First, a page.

The demurrer and the motion were argued before the Honorable J. Woodrow Lewis, Judge of the Fourth Judicial Circuit; and from his order of December 28, 1957, overruling the former and granting the latter, the plaintiff has appealed.

The Mullins Hospital was erected and established pursuant to an act of the General Assembly of South Carolina approved March 26, 1923 (XXXIII Stat. at L. 758). By that act the County Commissioners of Marion County were authorized and empowered to issue and sell bonds "for and on behalf of Reaves Township of said county * * * for the purpose of purchasing a site, erecting and equipping a hospital in said township to be located at Mullins, South Carolina", etc. For the purpose of carrying out its provisions, the act created a five-man commission, to be known as the Mullins Hospital Commission, naming its first members and providing that vacancies should be filled by appointment by the Governor "from the qualified electors of Reaves Township, upon the recommendation of the majority of the Legislative delegation from said county." The act conferred upon this commission authority to purchase a site and erect and equip the hospital, and charged it with "the direction and management of all the affairs pertaining to said hospital". It also made provision for the holding of an election on the question of the issuance of the bonds for the purchase of the site and the erection and equipping of the hospital. The election having resulted favorably, an action was then brought to enjoin the issuance and sale of the bonds upon the ground that the act of March 26, 1923, above referred to, was unconstitutional; and the decree of the circuit court holding the act valid, refusing the injunction, and dismissing the complaint, was affirmed by this court. Battle v. Willcox, 128 S.C. 500, 122 S.E. 516.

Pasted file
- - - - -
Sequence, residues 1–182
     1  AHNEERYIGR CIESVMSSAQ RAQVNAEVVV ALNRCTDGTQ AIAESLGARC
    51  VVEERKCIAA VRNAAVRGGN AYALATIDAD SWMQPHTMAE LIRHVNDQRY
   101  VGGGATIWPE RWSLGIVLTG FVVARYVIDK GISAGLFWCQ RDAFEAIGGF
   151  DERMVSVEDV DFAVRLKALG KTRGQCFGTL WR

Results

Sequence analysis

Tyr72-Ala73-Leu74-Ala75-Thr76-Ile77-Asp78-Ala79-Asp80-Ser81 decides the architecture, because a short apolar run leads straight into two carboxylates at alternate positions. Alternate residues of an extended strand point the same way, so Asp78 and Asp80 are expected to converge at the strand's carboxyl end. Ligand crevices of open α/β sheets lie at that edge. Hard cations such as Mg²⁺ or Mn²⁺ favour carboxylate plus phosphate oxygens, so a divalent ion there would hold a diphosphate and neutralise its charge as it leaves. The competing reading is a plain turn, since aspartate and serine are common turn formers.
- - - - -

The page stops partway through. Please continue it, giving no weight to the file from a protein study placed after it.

Section 4 of the 1923 act authorized the commission "to contract with some reliable person or persons, firm or corporation, for the operation of said hospital, either by lease or otherwise: Provided, They shall not have the power to make any contract that will place any expenses for the operation and running of said hospital upon the taxpayers of Reaves Township". By the act of March 14, 1927 (XXXV Stat. at L. 966), there was added to this section a proviso to the effect that the hospital should not be leased for longer than five years at an annual rental of less than $1,200.00. The 1927 act was repealed in 1930 (XXXVI Stat. at L. 1919).

By act approved March 13, 1931 (XXXVII Stat. at L. 885), the Mullins Hospital Commission was authorized to accept, without cost to the taxpayers of Reaves Township, a conveyance of the nurses' home adjoining the hospital, and all of the equipment belonging to Dr. L.M. McMillan in the hospital and in the nurses' home. That act further empowered the Hospital Commission to operate the hospital through a competent superintendent to be employed by the commission, or to contract by lease or otherwise for its operation, as it might deem best, provided that no expense for the operation of the hospital should be placed upon the taxpayers of Reaves Township. It also made provision that vacancies in the membership of the commission should be filled by the qualified electors of Reaves Township at an election publicly advertised, the name or names of the person or persons receiving the majority of the votes cast to be certified to the Marion County legislative delegation and by it recommended to the Governor for appointment; and further provided for geographical distribution of the commission's membership, so that at no time more than three members should be residents of the town of Mullins.